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The Garden of Allah (1936 film)

From Wikipedia, the free encyclopedia

The Garden of Allah
1936 US Theatrical Poster
Directed byRichard Boleslawski
Written byWilliam P. Lipscomb
Lynn Riggs
Willis Goldbeck (uncredited)
Based onThe Garden of Allah
1904 novel
by Robert S. Hichens
Produced byDavid O. Selznick
StarringMarlene Dietrich
Charles Boyer
Basil Rathbone
C. Aubrey Smith
Joseph Schildkraut
John Carradine
Alan Marshal
Lucile Watson
CinematographyVirgil Miller
W. Howard Greene (uncredited)
Harold Rosson (uncredited)
Edited byHal C. Kern
Anson Stevenson (uncredited)
Music byMax Steiner
Color processTechnicolor
Distributed byUnited Artists
Release date
  • November 19, 1936 (1936-11-19)
Running time
79 minutes
CountryUnited States
Box office$2.7 million (world)[1]

The Garden of Allah is a 1936 American adventure drama romance film directed by Richard Boleslawski, produced by David O. Selznick, and starring Marlene Dietrich and Charles Boyer. The screenplay was written by William P. Lipscomb and Lynn Riggs, who based it on the 1904 novel of the same title by Robert S. Hichens. Hichens's novel had been filmed twice before, as silent films made in 1916 and 1927. The supporting cast of the sound version features Basil Rathbone, C. Aubrey Smith, Joseph Schildkraut, John Carradine, Alan Marshal, and Lucile Watson. The music score is by Max Steiner.

It was the third feature film to be photographed in Three-strip Technicolor, and (uncredited) cinematographers W. Howard Greene and Harold Rosson received a special Oscar for advances in color cinematography. The filming locations were in Buttercup, California and Yuma, Arizona.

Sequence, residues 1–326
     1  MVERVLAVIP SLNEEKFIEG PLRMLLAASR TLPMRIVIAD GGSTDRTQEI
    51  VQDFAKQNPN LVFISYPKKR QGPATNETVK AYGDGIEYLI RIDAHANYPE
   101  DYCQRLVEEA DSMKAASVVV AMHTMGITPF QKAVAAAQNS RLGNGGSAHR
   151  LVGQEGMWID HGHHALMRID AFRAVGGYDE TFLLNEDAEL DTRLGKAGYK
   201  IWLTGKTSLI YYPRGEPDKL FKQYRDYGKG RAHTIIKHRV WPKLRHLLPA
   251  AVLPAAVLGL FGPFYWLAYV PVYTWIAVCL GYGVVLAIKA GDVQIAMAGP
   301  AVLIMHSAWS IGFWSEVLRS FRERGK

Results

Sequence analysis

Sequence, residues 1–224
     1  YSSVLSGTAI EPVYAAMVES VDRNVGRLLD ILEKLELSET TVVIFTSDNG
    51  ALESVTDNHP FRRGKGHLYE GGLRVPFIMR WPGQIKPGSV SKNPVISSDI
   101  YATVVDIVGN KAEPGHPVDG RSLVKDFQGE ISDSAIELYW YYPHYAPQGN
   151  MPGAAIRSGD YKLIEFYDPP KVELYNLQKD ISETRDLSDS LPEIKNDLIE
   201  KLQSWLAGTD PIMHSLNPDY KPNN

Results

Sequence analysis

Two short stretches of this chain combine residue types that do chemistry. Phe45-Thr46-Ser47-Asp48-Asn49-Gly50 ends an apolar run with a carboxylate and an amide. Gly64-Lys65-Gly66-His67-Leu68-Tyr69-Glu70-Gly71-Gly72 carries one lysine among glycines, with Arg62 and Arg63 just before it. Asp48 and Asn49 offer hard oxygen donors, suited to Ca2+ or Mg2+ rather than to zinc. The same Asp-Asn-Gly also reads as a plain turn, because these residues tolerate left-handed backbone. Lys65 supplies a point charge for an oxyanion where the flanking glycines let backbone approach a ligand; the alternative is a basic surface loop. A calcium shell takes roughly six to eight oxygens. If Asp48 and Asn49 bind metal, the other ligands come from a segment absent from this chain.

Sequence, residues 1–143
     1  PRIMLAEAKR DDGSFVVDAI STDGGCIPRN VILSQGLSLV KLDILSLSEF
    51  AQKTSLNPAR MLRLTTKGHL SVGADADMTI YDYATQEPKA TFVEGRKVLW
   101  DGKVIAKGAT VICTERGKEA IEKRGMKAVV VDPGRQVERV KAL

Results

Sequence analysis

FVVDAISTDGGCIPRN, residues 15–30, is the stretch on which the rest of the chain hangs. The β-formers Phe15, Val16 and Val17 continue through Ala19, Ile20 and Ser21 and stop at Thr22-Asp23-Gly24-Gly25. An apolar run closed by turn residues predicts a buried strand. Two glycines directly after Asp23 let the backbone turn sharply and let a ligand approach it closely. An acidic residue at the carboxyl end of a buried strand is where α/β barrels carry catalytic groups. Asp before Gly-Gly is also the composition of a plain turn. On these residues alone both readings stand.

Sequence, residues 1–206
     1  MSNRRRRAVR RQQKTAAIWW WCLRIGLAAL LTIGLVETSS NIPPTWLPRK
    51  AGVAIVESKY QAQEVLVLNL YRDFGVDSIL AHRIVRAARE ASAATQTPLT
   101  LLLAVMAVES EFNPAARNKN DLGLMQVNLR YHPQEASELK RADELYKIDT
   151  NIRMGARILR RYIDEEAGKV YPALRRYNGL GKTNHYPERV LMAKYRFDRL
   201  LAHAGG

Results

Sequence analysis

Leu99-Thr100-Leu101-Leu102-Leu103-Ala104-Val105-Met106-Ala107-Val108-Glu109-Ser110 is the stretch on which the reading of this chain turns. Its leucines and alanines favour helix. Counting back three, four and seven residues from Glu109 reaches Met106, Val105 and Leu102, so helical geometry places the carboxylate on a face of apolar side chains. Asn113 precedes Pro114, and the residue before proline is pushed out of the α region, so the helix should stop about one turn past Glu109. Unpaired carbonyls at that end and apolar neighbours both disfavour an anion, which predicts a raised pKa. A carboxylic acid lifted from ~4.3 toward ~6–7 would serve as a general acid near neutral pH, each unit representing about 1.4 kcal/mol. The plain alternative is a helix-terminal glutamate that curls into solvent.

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After the death of her invalid father, wealthy Domini Enfilden returns to Le Couvent de Ste. Cecile, where she was reared, to seek counsel from Mother Josephine about her loneliness. The Mother Superior tells her that in the solitude of the Sahara Desert, she might find herself. Meanwhile, at a Trappist monastery at el Lagarnine in Tunis in Northern Africa, a visitor, Captain de Trevignac, tastes the liqueur for which the monastery is famous.

The liqueur is made from a secret formula by Brother Antoine, who has just fled the monastery, taking the secret with him. En route to the city of Beni Mora, Algeria, Domini meets Antoine on a train, but he is silent. Later, in a cafe, Antoine is entranced by an exotic dancer named Irena. When Irena pulls a knife on her lover, Hadj, who will not marry her, Antoine helps Domini flee, and introduces himself as Boris Androvsky.

The next day, they ride to the Oasis of the city Azur, where they meet Count Ferdinand Anteoni, who tells Domini to wait to venture into the desert until the urge is very strong. When native girls admire the crucifix around Boris' neck, he gives it to them by casting it in the water. Although Boris attracts Domini, he shocks her by his violent antipathy to religion.

Count Anteoni warns Domini, "a man who fears to acknowledge his God is unwise to set foot in the desert," while making reference Boris, and tells them that the Arabs have a saying that "the desert is the garden of Allah". Later, a sand diviner tells Domini that something glorious is in store for her during her pilgrimage into the desert, but also gives her a grave warning.